2:00PM Water Cooler 10/1/2015

By Lambert Strether of Corrente.


In Atlanta, “knotty differences persist, and antitrade blasts from American presidential candidates have not eased prospects for any deal” [New York Times, “Pacific Trade Deal Talks Resume, Under Fire From U.S. Presidential Hopefuls”]. Not to toot my own horn overmuch, but NC readers who read the Levin memo in Monday’s Water Cooler are better informed on the actual “knotty differences” than the Times reporter.

Here’s a handy chart on ISDS:

“A Commission status report, obtained by POLITICO, shows that on 10 of the 24 chapters of the so-called Transatlantic Trade and Investment Partnership (TTIP) agreement, the two sides haven’t yet exchanged their positions, much less started to negotiate.” [Politico].



Hillary throws gays under the bus while at State [Los Angeles Times]. More email. This from 2011, however, is not a drip but a splash:

An email involving passport applications was notable for the raw nerve the issue of gay rights seemed to touch. Clinton expressed anger that the application form had been changed from its reference to traditional parents, and she demanded to know who was behind it.

“Who made the decision that State will not use the terms ‘mother and father’ and instead substitute ‘parent one and two’?” she wrote.

“I am not defending that decision which I disagree w and knew nothing about in front of this Congress. … We need to address this today or we will be facing a huge Fox generated media storm led by Palin et al.”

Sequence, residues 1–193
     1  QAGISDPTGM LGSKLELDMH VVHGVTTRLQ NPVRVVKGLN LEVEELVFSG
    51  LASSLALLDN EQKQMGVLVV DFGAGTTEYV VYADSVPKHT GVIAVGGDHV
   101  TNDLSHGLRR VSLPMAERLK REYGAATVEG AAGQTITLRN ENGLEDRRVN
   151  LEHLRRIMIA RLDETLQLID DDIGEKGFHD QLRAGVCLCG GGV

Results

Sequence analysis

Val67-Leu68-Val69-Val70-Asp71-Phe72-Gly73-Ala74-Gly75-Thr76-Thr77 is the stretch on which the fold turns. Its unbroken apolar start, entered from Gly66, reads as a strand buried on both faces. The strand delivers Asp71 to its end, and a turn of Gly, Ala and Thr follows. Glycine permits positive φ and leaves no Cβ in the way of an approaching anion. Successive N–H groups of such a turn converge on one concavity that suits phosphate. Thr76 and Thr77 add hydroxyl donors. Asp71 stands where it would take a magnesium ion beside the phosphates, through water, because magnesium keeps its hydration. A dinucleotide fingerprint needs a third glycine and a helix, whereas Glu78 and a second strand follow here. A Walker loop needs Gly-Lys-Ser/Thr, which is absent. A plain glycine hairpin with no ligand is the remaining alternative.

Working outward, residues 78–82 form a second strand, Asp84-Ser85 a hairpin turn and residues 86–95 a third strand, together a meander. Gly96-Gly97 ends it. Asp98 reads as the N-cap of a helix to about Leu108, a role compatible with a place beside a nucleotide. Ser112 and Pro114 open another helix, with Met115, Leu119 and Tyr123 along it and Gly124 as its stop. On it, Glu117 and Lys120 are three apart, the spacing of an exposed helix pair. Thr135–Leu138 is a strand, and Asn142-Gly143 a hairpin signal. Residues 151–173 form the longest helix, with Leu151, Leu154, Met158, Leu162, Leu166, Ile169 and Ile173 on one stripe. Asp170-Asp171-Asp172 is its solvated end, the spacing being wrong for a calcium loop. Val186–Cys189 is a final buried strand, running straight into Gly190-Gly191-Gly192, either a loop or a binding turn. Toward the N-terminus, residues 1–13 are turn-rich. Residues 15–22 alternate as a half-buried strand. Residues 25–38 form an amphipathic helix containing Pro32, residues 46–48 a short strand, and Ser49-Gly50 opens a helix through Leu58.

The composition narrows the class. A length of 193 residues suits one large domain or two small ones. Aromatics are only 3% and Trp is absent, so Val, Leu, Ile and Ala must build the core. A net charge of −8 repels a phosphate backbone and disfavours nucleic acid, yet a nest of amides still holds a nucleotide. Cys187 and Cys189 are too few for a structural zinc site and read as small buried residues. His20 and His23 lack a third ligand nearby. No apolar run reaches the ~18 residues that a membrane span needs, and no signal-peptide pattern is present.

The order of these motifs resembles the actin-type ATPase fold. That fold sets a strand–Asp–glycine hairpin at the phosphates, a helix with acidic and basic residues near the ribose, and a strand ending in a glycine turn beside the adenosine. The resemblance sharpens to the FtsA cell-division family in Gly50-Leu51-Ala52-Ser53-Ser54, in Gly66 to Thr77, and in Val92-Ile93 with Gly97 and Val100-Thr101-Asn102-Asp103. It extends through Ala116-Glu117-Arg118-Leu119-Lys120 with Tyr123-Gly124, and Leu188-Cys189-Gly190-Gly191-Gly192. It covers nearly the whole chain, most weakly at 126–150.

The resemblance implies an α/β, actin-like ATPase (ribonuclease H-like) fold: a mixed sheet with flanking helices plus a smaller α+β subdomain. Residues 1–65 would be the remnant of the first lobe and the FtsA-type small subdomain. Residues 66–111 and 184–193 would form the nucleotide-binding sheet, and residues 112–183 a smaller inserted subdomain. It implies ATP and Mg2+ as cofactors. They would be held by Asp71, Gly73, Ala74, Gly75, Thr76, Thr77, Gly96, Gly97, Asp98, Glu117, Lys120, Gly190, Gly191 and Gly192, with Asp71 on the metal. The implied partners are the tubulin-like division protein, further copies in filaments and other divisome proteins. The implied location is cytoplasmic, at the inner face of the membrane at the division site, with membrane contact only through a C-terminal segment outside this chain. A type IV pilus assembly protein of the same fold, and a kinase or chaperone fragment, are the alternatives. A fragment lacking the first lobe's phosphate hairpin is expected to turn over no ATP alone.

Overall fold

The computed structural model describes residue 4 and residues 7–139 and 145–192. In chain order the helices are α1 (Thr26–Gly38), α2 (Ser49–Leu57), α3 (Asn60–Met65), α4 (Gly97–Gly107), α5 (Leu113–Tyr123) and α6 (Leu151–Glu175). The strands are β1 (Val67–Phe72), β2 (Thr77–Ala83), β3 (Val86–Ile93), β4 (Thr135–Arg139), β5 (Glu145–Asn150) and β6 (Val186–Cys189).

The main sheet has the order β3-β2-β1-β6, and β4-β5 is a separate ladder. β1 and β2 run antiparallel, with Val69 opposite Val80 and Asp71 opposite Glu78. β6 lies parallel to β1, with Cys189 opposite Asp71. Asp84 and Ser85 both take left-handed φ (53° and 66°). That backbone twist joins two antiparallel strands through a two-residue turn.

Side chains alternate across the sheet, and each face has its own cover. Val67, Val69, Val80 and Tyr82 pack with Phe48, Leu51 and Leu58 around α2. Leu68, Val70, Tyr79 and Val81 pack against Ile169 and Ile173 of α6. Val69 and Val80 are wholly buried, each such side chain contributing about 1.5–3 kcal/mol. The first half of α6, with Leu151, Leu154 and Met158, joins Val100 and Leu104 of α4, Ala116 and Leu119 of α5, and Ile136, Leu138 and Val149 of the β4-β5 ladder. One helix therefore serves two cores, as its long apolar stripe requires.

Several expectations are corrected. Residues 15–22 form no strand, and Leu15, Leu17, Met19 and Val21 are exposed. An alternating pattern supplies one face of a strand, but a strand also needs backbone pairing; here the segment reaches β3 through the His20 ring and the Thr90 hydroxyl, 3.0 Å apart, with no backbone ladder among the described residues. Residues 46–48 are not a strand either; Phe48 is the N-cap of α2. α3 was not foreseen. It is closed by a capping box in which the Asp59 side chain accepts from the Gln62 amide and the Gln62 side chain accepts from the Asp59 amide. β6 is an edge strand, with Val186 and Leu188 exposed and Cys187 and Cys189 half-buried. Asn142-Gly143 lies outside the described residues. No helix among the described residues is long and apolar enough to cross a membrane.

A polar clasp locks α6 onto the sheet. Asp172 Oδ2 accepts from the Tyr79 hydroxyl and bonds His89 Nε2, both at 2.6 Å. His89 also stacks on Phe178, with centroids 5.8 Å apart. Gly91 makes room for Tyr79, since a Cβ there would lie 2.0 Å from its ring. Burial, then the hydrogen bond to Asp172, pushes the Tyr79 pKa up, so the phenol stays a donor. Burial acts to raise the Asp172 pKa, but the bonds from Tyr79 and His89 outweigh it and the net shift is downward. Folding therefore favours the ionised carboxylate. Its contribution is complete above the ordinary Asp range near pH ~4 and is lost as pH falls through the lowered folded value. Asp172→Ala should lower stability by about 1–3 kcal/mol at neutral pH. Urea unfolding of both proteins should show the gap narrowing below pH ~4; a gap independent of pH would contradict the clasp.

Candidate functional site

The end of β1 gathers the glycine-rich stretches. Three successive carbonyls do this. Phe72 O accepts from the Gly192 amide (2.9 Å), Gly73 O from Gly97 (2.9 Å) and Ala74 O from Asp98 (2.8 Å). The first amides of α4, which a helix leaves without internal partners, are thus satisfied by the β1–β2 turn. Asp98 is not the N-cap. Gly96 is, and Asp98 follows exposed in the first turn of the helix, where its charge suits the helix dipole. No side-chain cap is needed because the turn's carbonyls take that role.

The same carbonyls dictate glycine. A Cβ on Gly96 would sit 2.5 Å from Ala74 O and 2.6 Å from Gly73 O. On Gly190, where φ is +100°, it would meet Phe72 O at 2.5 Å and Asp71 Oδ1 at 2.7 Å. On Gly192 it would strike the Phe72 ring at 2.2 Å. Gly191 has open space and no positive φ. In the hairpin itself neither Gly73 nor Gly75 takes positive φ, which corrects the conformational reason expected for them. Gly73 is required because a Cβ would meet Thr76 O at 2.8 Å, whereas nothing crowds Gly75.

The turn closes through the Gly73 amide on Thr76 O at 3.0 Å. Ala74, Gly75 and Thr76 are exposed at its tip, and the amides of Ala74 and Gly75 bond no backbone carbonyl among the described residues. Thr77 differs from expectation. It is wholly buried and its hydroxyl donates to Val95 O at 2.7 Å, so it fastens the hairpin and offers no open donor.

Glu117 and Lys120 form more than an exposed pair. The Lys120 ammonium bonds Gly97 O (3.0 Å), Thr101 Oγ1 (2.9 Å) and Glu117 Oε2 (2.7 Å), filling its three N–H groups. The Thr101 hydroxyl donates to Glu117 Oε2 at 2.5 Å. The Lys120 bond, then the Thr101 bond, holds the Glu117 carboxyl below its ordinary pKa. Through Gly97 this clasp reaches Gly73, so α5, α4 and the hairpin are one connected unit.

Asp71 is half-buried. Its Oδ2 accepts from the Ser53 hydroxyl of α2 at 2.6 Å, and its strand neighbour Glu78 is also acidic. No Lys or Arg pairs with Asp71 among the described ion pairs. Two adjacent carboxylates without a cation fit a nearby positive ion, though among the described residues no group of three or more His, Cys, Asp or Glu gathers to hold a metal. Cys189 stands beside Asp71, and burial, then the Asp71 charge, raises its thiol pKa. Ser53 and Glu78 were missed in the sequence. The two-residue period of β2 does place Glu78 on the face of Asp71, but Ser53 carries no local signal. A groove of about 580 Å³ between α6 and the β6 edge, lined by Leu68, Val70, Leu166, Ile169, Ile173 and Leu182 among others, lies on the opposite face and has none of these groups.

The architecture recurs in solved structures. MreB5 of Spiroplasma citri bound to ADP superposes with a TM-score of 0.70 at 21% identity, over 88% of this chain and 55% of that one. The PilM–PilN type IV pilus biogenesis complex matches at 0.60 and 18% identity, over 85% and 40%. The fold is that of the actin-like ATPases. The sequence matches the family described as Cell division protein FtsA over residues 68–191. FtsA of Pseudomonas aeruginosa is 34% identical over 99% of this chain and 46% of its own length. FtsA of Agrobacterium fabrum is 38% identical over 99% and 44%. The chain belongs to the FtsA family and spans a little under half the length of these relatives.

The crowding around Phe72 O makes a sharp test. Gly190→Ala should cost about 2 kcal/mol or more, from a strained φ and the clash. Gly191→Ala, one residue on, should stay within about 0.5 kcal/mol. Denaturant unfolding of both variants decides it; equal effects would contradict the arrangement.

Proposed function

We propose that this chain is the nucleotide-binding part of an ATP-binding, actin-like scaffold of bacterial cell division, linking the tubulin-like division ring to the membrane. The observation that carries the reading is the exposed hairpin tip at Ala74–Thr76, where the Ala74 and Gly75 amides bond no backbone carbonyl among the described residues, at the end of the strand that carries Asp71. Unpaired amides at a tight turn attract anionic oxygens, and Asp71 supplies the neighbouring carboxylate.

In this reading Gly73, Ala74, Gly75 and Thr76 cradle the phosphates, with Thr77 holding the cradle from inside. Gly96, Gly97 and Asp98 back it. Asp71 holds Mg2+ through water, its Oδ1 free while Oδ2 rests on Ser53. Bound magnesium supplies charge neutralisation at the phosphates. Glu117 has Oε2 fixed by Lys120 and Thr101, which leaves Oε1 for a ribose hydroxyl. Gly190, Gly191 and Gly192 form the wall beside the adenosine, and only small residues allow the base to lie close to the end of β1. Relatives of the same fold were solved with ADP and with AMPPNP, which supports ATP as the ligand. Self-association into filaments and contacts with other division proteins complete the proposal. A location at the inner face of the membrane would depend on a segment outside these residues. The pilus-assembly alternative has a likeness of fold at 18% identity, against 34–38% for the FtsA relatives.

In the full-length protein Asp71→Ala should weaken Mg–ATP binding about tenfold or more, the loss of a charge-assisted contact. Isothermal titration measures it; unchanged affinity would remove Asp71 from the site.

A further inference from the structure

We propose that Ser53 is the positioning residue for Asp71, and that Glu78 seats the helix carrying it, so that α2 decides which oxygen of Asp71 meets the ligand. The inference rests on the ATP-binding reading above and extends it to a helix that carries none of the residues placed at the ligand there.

The form was changed.

Beyond the gays-as-unterbussen-yet-again aspect, by 2011 Palin was so over. And I thought the Clintons were about fighting the “vast right wing conspiracy,” not caving to it. More pragmaticallly, I wonder how many of those not-necessarily-in-cash Clinton campaign contributions are from gays, especially activists, and what they feel about this.

The Voters

“Nations in which the president and the legislature have separate but equal claims to power and legitimacy have a bias for crisis. A government divided between a president of one party and a Congress of another may reach an impasse for which, as political scientist Juan Linz has written, “There is no democratic principle on the basis of which it can be resolved” [Harold Meyerson, WaPo]. The “Linzian Standoff.”


“Bernie Sanders’s $26 million cash haul is a major problem for Hillary Clinton” [Chris Cilizza, WaPo].